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Social Security Disability Definitions

Social Security Disability and SSI Overview

The Requirements for Disability

Social Security Disability and SSI Applications

Tips and Advice for Disability Claims

How long does Disability take?

Common Mistakes after Receiving a Disability Denial

Disability Denials and Filing Appeals

Social Security Mental Disability Benefits

Disability Benefits offered through Social Security

Benefits through SSI disability

Disability Benefits for Children

Disability Qualifications and How to Qualify

Social Security Disability and Working

Winning your Disability Benefits

Social Security Back Pay and the disability award notice

Disability Lawyers and Hiring an Attorney

Social Security Disability SSI List of Conditions

What is considered a Disabling condition by Social Security?

Social Security Disability SSI and Medical Evidence

Filing for Disability Benefits

Eligibility for Disability Benefits


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If you get Social Security disability benefits do you get Medicare or Medicaid?


How to prove you are disabled
and win disability benefits


 
Both the social security disability and SSI disability programs have some provision for medical coverage. But those provisions are very different from each other. If you get approved for SSI disability, then you will receive medicaid benefits.

Medicaid may vary between individual states since medicaid benefits are state-supported (though the states receive money from the federal government to fund their medicaid programs). But medicaid will generally pay for a certain minimum number of prescriptions per month and doctor visits per year.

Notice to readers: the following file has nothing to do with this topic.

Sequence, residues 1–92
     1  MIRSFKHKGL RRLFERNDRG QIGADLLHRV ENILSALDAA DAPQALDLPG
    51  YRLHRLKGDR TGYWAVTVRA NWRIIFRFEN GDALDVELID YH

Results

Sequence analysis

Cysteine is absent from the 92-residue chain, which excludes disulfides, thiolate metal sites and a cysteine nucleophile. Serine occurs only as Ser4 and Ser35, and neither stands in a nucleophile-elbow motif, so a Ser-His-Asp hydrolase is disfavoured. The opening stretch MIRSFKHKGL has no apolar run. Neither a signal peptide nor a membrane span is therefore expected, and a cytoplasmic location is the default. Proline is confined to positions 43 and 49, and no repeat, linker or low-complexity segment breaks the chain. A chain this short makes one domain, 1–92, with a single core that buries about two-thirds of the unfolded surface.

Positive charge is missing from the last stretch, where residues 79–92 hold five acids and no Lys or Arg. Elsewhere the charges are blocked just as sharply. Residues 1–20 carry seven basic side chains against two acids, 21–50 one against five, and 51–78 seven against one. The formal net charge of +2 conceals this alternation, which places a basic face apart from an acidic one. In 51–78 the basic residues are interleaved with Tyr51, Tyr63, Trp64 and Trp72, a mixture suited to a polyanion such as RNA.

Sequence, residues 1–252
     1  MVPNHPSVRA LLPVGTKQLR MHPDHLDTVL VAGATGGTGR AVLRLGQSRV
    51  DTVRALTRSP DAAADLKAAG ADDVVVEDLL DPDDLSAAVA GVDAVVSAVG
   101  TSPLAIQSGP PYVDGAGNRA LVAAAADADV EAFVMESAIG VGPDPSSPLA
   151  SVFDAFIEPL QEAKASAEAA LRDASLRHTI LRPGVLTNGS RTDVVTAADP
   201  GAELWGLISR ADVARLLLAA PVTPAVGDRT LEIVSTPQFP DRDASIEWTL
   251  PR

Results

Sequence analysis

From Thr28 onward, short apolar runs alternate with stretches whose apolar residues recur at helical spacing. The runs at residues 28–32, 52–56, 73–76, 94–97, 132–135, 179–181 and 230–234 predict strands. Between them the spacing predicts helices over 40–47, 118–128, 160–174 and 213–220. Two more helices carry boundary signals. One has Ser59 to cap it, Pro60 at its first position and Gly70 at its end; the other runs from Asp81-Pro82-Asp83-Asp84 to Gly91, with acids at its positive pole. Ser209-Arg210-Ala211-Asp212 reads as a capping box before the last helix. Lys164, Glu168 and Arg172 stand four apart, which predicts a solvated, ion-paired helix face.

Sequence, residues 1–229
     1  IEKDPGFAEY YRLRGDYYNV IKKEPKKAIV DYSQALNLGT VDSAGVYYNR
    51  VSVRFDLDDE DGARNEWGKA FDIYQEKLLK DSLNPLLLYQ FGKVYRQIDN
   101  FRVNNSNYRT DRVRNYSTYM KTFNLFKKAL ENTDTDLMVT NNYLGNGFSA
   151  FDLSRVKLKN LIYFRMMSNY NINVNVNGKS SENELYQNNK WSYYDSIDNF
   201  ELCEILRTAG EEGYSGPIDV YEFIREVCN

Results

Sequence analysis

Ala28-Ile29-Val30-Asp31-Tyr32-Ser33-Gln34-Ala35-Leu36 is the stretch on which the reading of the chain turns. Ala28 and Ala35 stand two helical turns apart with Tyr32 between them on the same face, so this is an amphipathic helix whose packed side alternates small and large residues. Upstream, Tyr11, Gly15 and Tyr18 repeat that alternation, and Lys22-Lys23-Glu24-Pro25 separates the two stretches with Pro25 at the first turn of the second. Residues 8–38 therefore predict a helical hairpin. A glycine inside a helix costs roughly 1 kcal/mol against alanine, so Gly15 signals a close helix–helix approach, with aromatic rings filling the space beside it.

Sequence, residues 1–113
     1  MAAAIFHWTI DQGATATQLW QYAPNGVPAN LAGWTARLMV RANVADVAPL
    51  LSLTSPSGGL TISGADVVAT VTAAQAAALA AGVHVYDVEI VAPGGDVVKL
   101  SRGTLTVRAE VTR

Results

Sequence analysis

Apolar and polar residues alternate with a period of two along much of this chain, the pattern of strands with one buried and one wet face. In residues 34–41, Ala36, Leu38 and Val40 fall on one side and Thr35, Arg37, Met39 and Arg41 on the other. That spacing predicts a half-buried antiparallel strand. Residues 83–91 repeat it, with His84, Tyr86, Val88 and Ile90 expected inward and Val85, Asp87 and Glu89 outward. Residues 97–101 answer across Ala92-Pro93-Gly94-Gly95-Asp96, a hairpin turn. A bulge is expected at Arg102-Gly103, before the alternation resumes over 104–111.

For example, in the state of North Carolina, medicaid for disabled adults will pay for up to six prescriptions per month and 24 doctor visits per year.

Individuals who approved for SSI disability will receive medicaid from the time they are approved for SSI. There is no waiting period. This is not the case for individuals who are approved for social security disability benefits.

Claimants who are approved for SSD, or social security disability benefits will receive medicare instead of medicaid. But they may not necessarily have medicare available from the moment they are approved for social security disability. This is because SSD has something known as the two year waiting period for medicare.

What does it mean when we say "two year waiting period for medicare". This means that a person's determined eligibility for social security disability benefits must be in existence for 24 months before medicare will "kick in" so to speak.

Does this always mean that a person who has been approved for SSD (perhaps, for example, after a hearing before a judge) will have to wait two entire years before they utilize medicare? Not necessarily. The two year medicare waiting period begins at the point in time at which a person is actually eligible to receive a social security disability check.

However, because the established onset date for a person's disability (i.e. when the disabling condition began according to the social security administration's interpretration of the medical records) can often be set very far back in time, and additionally because disability claims can take several years to resolve, it is often the case that the two year waiting period is completed by the time a person receives the notice of award for their disability claim.















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Information on the following topics can be found here: Social Security Disability Questions

Social Security Disability SSI decisions | The Disability Decision Process and What gets taken into Consideration | Getting Denied for Disability Benefits | Questions about Social Security Disability Approvals and Being Approved | Social Security Disability Hearings | Social Security Medical Examinations | Social Security SSI Doctors | Social Security Disability Representation | Social Security Disability SSI Reviews